Five more people have died in the wake of the oil leak inferno that burned through the Sinai squatter community in Nairobi. The disaster is mind-boggling and awful. But it has left me wondering about a simple but little remarked fact: As the picture of Kenyan Prime Minister Raila Odinga touring the community shows, Sinai was built mostly of corrugated metal--a cheap and incredibly time- and labor-saving building material. A stick frame and some rolls of steel and a community can be created in minutes. Older squatter communities -- Kibera, for instance -- feature homes built mostly from mud, which must be dug, and mixed with water to the right consistency, and built up by someone who knows what they are doing. Mud is a better insulator--keeping homes warm during cool seasons and cool during warm times. Steel, by contrast, conducts the heat--and metal homes often become overheated in sunny weather. I'm wondering if a community made from mud or brick would have fared better in warding off the flames, and how many of the burn injuries were from the flames and how many were inflicted as people attempted to flee their superheated sheetmetal houses.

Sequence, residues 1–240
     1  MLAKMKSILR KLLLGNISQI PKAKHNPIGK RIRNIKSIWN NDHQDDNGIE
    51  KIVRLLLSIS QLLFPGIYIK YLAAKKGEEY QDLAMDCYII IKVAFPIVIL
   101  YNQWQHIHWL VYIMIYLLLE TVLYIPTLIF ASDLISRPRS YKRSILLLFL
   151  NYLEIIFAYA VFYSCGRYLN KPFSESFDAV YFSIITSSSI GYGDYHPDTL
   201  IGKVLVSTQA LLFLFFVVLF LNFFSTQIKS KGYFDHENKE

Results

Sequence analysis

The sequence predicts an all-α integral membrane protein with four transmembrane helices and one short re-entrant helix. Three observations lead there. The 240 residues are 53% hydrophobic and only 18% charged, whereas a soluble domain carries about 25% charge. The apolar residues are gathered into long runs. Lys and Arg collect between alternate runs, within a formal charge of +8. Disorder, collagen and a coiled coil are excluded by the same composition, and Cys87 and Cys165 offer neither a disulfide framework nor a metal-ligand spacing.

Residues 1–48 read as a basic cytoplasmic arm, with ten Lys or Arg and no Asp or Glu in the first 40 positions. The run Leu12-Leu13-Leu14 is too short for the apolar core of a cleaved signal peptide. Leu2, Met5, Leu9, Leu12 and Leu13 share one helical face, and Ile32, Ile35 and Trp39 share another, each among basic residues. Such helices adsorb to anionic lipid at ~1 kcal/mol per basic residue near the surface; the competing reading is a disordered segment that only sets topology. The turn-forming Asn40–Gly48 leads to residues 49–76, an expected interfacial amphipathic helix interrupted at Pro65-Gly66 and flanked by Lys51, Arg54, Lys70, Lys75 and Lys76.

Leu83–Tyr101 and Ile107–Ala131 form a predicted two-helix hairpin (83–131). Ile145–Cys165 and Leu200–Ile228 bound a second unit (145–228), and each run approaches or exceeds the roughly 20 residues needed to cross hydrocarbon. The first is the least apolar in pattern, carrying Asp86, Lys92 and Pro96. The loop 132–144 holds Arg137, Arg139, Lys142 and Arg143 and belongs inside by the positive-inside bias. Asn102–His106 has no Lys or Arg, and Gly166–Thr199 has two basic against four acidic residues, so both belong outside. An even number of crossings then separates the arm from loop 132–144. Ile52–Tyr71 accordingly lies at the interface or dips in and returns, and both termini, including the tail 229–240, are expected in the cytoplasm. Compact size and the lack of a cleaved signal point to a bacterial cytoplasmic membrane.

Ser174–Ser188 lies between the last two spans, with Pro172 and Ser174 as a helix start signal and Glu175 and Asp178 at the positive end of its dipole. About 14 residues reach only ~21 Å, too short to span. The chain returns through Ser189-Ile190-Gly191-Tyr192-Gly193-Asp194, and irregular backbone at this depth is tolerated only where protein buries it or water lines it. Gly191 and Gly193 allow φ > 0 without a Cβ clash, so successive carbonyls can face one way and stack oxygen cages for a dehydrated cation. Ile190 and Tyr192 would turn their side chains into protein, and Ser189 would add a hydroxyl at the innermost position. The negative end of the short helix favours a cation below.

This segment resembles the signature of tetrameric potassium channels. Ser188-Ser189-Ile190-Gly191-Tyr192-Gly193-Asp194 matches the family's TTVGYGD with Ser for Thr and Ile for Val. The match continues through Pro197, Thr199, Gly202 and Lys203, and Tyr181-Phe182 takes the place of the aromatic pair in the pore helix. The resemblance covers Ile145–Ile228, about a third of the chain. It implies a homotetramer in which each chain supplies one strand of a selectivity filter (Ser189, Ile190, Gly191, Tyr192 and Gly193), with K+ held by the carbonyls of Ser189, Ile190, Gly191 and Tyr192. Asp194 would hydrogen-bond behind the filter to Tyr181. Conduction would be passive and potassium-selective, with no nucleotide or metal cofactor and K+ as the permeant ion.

I spent most of the past four years hanging out with street hawkers, smugglers, and sub-rosa import/export firms to write Stealth of Nations, a book that chronicles the global growth of System D--the parallel economic arena that today accounts for half the jobs on the planet.
Prior to that, I lived in squatter communities across four continents to write Shadow Cities, a book that attempts to humanize these vibrant, energetic, and horribly misunderstood communities.
My articles on cities, politics, and economic issues have appeared in many publications, including Harper's, Scientific American, Forbes, Fortune, The Nation, The New York Times, The Washington Post, Metropolis, and City Limits. Before becoming a reporter, I worked as a community organizer and studied philosophy. I live in New York City and do most of my writing on manual typewriters.